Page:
Speaking Lesson 8: How to Ask Questions in Japanese Part 1

In this tutorial, I am going to teach you how to ask questions in Japanese. Japanese questions are easy to form. For example, you just add ka at the end of the verb as in the following examples.

Tabemasu ka?

Tabemashita ka?

The first question literally means “Eat?” asks the question if somebody is eating or somebody want to eat. The second question is a past tense which has “Did you eat?” or “Have you eaten?”.

There are also question words such as nani (what), doko (where) and itsu (when). Read the following Sample conversation between Peter san and Yamada san.

Peter San: Konnichiwa. Doko e ikimasu ka? Hi. Where are you going?


Yamada San: Kissaten e ikamasu. I am going to the coffee shop.

きっさてんへいきます。 Continue reading

Speaking Lesson 7: How to Use Desu in a Sentence

In English the equivalent of desu are the verbs is/are/am.  Recall in Introducing Yourself in Japanese post how Peter introduced himself.

Hajimemashite. How do you do? . 


Watashi wa Peter desu. I am Peter. わたしはペーターです

Watashi no kuni wa Amerika desu. My country is America. わたしのくにはアメリカです

Douzo yoroshiku onegaishimasu. I hope we do well together. どうぞよろしくおねがいします。

In the first and third sentence, desu is used as “am.” In the third sentence it is used as “is.”

Continue reading

Lesson 6: How to Use the Shimasu Verb

In this post I am going to introduce you to one of the important verbs, the  shimasu verb which means “to do.”  Shimasu is very convenient because if you don’t know the Japanese of a word, sometimes you can just say the English word and add shimasu. For instance, to say copy you can say, copy-o-shimasu and many Japanese will understand it.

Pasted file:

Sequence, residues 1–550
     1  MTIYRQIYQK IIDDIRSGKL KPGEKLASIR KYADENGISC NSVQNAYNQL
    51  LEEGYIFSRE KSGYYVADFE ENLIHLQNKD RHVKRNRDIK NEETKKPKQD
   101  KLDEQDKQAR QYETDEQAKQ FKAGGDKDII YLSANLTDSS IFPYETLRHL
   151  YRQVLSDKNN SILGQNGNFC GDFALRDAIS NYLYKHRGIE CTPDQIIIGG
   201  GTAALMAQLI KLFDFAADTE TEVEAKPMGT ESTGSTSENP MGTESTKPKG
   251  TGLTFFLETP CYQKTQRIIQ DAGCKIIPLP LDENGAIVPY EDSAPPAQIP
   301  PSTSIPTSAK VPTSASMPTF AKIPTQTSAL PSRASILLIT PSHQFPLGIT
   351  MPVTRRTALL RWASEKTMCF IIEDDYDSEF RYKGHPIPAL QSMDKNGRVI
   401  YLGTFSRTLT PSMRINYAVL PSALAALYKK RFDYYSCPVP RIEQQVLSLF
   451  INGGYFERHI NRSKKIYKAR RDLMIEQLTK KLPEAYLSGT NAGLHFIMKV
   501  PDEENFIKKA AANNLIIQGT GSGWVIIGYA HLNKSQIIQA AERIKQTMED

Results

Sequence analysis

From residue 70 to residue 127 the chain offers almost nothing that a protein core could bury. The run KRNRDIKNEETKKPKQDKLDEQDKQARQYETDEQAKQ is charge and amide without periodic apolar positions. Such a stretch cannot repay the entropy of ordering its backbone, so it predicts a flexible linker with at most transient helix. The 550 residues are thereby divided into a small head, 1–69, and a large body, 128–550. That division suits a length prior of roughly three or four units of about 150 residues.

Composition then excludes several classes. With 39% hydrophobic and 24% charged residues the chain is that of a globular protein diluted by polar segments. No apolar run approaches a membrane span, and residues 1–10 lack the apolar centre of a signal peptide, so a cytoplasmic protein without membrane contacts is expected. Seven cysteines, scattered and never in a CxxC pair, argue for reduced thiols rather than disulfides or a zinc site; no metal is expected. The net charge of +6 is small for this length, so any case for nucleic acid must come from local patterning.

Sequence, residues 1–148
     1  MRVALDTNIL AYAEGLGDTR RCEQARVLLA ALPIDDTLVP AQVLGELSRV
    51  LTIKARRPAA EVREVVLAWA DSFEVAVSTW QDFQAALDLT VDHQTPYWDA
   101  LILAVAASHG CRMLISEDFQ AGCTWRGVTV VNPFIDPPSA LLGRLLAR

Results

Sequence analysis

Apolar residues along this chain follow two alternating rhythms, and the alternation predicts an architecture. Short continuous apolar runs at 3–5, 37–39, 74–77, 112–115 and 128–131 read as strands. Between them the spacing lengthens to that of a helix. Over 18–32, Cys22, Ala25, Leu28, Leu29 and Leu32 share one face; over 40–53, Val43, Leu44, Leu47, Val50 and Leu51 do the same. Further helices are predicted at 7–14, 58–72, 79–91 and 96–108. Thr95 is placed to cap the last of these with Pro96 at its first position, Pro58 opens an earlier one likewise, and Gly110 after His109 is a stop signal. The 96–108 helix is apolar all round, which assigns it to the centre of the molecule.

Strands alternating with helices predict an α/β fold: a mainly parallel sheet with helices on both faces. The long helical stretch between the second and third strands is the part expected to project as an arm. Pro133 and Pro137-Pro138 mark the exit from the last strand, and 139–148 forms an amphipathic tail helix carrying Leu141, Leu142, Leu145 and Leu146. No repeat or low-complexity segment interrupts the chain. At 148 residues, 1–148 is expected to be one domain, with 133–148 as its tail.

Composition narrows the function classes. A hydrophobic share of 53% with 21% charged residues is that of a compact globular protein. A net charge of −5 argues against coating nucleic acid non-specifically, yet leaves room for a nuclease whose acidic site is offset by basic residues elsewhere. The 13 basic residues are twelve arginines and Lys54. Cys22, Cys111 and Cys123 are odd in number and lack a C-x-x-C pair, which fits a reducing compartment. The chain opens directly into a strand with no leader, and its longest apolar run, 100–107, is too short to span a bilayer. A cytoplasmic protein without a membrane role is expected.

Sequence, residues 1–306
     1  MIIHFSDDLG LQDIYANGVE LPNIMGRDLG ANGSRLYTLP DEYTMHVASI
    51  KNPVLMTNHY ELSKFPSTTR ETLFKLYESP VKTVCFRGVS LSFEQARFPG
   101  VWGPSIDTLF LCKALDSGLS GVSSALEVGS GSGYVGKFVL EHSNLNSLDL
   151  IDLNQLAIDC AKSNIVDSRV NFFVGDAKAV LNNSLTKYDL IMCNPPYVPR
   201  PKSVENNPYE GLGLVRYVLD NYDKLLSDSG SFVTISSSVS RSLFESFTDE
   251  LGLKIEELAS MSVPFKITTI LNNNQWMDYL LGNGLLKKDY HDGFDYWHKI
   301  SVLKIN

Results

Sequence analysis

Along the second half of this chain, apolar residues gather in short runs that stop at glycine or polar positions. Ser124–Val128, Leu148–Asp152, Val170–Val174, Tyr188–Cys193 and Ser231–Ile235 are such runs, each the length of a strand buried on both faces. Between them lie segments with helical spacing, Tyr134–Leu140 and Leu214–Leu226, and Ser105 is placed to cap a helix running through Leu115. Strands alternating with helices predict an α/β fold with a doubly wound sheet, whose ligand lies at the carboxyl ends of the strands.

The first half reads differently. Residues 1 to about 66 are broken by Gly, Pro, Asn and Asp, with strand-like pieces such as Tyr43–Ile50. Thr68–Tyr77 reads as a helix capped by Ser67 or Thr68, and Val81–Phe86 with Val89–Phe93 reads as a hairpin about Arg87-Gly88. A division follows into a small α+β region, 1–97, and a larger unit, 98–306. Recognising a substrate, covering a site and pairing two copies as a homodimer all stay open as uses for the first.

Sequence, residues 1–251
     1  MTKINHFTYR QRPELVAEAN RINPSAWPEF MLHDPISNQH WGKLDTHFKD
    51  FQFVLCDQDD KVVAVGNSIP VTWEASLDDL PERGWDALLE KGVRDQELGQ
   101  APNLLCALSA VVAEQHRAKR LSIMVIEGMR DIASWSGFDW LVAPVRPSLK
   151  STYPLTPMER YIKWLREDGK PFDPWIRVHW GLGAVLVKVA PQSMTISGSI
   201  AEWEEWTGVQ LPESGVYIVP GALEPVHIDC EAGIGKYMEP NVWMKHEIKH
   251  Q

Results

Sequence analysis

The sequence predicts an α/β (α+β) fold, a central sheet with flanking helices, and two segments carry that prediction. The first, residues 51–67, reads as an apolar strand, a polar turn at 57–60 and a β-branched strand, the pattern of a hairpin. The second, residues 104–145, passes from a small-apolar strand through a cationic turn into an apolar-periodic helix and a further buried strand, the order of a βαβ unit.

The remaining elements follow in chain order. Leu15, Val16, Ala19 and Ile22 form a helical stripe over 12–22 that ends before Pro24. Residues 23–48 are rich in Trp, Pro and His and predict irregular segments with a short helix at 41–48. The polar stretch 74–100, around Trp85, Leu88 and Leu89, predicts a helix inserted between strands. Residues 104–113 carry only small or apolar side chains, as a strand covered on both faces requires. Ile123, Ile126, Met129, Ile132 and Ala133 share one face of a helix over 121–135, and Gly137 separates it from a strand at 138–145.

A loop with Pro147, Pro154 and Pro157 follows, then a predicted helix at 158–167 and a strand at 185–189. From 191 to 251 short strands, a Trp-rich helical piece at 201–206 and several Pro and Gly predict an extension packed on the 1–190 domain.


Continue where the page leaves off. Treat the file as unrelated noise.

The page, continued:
Shimasu is also usually combined with words foreign to the Japanese as in examples 3-5 below. The tenisu (tennis), jogginggu (jogging), and paatii (party) are foreign words, so shimasu is used.

The dictionary form of this verb is suru. Its masu tenses are shimasu (present-positive), shimasen (present-negative), shimashita (past-positive) and shimasen deshita (past-negative).

Sample Sentences

1. Ashita, kaimono o shimasu. Tomorrow, I will go shopping.

「あしたかいものをします。」 Continue reading

Masu Form of Verb: A Summary

You might be wondering why in all the lessons that we had, the verbs always end in masu. Well, it does not always. This is only one form of the verb, its  base form or  polite form. In Japan, the set of words used for a person of a higher status (senior or superior) is different from the words used for persons of equal or lower status (junior or inferior). For example, you can use the words iku (to go) for juniors, but you must use ikimasu for seniors. The word iku is the dictionary form or plain form of ikimasu.

To a Senior: Ashita Tokyo ni ikimasu. 「あしたとうきょうにいきます。」

To a Junior: Ashita Tokyo ni iku.「あしたとこようにいく。」 Continue reading